First Glimpse at One Vanderbilt’s Terra-Cotta and Glass Facade, Midtown East

One VanderbiltOne Vanderbilt, image from video still by Visualhouse

Two weeks ago, YIMBY reported on the rise of the first of two cranes that will be used to build One Vanderbilt, on the corner of 42nd Street and Vanderbilt Avenue, in Midtown East. Now, the second crane has been installed, and the first photos of the supertall’s facade have also been revealed. While glass won’t appear on the actual tower for another year or so, the initial images are very promising for what will become the tallest skyscraper in the neighborhood.

One Vanderbilt Facade

One Vanderbilt Facade, via Instagram

As described by the building’s PR team,

Diagonal spandrels of terra-cotta will be placed throughout the skyscraper’s curtain wall with a concentration at the base, designed to interplay with the Beaux Arts landmark [Grand Central].

Terra-cotta has once again become a standard exterior material for New York City’s new skyscrapers, and among the new supertalls, it will also be deployed at 111 West 57th Street, to One Vanderbilt’s northwest. In both instances, the contextual touch will help complement instead of overwhelm pre-war surrounds.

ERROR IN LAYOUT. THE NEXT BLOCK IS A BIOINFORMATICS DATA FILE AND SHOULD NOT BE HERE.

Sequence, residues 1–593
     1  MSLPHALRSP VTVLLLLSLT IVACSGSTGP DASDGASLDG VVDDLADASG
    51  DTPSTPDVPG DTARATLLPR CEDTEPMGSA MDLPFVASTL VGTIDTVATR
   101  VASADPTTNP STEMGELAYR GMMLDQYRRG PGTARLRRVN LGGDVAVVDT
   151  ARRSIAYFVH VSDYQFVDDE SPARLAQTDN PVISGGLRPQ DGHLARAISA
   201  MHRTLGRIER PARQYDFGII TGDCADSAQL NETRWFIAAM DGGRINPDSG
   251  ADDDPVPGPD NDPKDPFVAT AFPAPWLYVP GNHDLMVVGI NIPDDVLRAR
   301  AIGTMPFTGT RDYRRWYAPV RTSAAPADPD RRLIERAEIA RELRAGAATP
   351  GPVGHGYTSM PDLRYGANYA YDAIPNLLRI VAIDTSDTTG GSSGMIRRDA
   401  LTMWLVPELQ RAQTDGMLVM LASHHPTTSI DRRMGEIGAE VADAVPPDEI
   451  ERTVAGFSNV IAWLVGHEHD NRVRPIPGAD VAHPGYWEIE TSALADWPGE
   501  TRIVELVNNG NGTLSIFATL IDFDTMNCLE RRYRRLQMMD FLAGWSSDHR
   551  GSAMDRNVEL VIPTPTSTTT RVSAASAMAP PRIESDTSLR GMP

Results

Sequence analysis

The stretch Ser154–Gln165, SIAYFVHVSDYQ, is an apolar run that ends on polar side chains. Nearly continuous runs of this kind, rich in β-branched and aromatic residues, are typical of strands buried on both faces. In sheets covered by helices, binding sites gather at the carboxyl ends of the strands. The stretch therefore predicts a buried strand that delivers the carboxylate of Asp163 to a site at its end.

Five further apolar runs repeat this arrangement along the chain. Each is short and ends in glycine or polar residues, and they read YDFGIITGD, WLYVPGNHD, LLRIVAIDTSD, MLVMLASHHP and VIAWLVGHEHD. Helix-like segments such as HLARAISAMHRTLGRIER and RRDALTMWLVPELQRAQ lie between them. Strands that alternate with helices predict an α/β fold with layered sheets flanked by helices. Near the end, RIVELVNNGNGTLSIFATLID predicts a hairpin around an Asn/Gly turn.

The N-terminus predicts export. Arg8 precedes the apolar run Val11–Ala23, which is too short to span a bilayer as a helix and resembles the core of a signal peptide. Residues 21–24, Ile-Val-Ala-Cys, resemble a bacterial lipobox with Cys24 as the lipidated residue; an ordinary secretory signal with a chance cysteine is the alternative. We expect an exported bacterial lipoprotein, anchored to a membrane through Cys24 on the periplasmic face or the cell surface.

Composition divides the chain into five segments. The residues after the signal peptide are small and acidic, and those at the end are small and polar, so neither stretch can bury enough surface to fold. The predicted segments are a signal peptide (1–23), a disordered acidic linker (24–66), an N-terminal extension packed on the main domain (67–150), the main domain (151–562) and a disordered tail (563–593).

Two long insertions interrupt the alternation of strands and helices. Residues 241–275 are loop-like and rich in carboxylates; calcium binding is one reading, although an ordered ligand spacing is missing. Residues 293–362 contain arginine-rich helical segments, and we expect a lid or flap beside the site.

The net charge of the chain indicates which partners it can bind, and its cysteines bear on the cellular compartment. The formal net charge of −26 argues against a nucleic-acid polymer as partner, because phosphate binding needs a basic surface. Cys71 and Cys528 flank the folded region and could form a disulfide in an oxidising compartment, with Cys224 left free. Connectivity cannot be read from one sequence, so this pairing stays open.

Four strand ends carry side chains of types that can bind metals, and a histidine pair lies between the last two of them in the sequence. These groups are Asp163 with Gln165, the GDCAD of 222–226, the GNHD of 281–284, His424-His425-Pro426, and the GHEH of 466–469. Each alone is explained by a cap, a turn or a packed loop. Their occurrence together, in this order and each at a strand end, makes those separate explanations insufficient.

Besides the first actual look at the tower’s future exterior, construction is also making continued headway. The site’s second crane has now been fully installed, and with both cranes now in operation, verticality should progress with vigor. Steel is already rising well above ground level.

Completion of the Kohn Pedersen Fox-designed tower, which will rise 1,401 feet and 59 floors to its rooftop, is scheduled for 2020. SL Green is developing, and the project will include 1.5 million square feet of office space on upper floors, and 200,000 square feet of retail in the base, to be occupied by TD Bank.

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7 Comments on "First Glimpse at One Vanderbilt’s Terra-Cotta and Glass Facade, Midtown East"

  1. Welcome Home (David) | September 5, 2017 at 8:14 am | Reply

    I don’t like progress. (April Fool’s Day)

  2. The Facebook share feature doesn’t work anymore (all it says is page not found).

  3. An engineer once told me glass can never be as energy-efficient–limited insulating qualities.

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